Real-Time Depth-of-Field Rendering Using Point Splatting on Per-Pixel Layers

    Sungkil Lee
    Abstract We present a real-time method for rendering a depth-of-field effect based on the per-pixel layered splatting where source pixels are scattered on one of the three layers of a destination pixel. In addition, the missing information behind foreground objects is filled with an additional image of the areas occluded by nearer objects. The method creates high-quality depth-of-field results even in the presence of partial occlusion, without major artifacts often present in the previous real-time methods. The method can also be applied to simulating defocused highlights. The entire framework is accelerated by GPU, enabling real-time post-processing for both off-line and interactive applications. [source]

    High-Quality Adaptive Soft Shadow Mapping

    Gaël Guennebaud
    Abstract The recent soft shadow mapping technique [GBP06] allows the rendering in real-time of convincing soft shadows on complex and dynamic scenes using a single shadow map. While attractive, this method suffers from shadow overestimation and becomes both expensive and approximate when dealing with large penumbrae. This paper proposes new solutions removing these limitations and hence providing an efficient and practical technique for soft shadow generation. First, we propose a new visibility computation procedure based on the detection of occluder contours, that is more accurate and faster while reducing aliasing. Secondly, we present a shadow map multi-resolution strategy keeping the computation complexity almost independent on the light size while maintaining high-quality rendering. Finally, we propose a view-dependent adaptive strategy, that automatically reduces the screen resolution in the region of large penumbrae, thus allowing us to keep very high frame rates in any situation. [source]

    Visyllable Based Speech Animation

    Sumedha Kshirsagar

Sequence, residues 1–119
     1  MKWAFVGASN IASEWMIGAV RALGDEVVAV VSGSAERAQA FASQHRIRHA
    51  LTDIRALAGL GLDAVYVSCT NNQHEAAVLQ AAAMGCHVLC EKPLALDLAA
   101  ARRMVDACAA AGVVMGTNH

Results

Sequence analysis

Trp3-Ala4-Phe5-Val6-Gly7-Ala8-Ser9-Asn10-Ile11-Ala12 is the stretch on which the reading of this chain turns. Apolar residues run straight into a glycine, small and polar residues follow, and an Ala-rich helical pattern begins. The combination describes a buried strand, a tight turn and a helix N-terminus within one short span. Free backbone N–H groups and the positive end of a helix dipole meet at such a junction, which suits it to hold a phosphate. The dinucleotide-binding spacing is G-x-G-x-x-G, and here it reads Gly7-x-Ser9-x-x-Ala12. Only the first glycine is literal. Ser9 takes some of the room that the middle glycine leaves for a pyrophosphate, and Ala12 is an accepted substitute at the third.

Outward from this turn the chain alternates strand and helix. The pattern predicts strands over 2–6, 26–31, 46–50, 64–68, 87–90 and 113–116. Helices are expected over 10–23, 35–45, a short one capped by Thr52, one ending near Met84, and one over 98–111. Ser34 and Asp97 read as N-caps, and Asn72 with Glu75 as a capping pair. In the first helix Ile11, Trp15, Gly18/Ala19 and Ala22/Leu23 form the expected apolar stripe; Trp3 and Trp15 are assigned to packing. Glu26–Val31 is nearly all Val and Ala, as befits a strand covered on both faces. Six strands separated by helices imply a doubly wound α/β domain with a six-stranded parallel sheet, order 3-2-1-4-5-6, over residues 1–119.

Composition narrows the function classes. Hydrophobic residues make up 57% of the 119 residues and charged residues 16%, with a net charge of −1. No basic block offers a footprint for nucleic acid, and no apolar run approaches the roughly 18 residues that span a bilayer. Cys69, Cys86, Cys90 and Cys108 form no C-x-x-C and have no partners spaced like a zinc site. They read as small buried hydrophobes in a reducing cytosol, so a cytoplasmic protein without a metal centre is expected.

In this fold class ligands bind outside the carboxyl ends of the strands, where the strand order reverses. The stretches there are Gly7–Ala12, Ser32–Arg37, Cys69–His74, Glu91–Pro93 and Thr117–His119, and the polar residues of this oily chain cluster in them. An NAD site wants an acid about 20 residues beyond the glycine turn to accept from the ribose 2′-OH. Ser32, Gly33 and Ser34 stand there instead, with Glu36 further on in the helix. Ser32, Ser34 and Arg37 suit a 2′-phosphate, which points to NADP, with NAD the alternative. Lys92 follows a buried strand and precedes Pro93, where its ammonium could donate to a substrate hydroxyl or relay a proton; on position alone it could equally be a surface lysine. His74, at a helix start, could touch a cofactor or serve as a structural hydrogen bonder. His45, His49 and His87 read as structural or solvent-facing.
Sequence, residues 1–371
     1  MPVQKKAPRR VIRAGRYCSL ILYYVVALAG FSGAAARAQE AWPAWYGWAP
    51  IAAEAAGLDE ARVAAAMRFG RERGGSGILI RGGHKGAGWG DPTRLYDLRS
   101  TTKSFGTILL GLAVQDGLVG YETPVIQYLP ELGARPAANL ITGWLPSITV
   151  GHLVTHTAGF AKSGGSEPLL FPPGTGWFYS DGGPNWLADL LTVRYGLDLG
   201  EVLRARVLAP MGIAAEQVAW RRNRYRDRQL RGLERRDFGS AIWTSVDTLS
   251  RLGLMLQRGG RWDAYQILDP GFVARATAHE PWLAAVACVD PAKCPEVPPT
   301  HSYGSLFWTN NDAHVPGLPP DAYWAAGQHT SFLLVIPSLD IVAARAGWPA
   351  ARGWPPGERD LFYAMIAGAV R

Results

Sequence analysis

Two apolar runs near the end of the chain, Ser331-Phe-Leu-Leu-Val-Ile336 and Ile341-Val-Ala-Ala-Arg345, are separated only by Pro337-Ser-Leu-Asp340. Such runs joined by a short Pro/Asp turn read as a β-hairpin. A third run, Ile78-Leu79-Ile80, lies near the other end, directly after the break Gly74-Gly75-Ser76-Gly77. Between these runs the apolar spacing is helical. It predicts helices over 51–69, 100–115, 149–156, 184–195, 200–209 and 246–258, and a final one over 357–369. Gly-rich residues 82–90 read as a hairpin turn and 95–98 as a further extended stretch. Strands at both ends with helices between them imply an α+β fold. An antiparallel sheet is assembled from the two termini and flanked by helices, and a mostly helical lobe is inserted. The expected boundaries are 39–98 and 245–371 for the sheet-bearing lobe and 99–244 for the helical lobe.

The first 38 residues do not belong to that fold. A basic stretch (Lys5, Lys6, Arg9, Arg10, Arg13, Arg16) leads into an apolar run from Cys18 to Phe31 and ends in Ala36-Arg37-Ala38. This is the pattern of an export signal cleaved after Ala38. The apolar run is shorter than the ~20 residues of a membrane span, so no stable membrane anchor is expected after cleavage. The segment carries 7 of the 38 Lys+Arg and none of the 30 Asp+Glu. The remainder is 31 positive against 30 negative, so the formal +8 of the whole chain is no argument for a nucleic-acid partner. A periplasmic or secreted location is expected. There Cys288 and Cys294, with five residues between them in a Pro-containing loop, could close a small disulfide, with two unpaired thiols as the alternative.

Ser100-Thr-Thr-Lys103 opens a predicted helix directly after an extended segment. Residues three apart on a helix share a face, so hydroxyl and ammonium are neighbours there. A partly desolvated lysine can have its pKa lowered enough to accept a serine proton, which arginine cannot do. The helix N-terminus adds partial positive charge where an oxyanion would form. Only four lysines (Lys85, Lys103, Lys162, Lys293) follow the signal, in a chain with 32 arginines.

Visemes are visual counterpart of phonemes. Traditionally, the speech animation of 3D synthetic faces involvesextraction of visemes from input speech followed by the application of co-articulation rules to generate realisticanimation. In this paper, we take a novel approach for speech animation , using visyllables, the visual counterpartof syllables. The approach results into a concatenative visyllable based speech animation system. The key contributionof this paper lies in two main areas. Firstly, we define a set of visyllable units for spoken English along withthe associated phonological rules for valid syllables. Based on these rules, we have implemented a syllabificationalgorithm that allows segmentation of a given phoneme stream into syllables and subsequently visyllables. Secondly,we have recorded the database of visyllables using a facial motion capture system. The recorded visyllableunits are post-processed semi-automatically to ensure continuity at the vowel boundaries of the visyllables. We defineeach visyllable in terms of the Facial Movement Parameters (FMP). The FMPs are obtained as a result of thestatistical analysis of the facial motion capture data. The FMPs allow a compact representation of the visyllables.Further, the FMPs also facilitate the formulation of rules for boundary matching and smoothing after concatenatingthe visyllables units. Ours is the first visyllable based speech animation system. The proposed technique iseasy to implement, effective for real-time as well as non real-time applications and results into realistic speechanimation. Categories and Subject Descriptors (according to ACM CCS): 1.3.7 [Computer Graphics]: Three-Dimensional Graphics and Realism [source]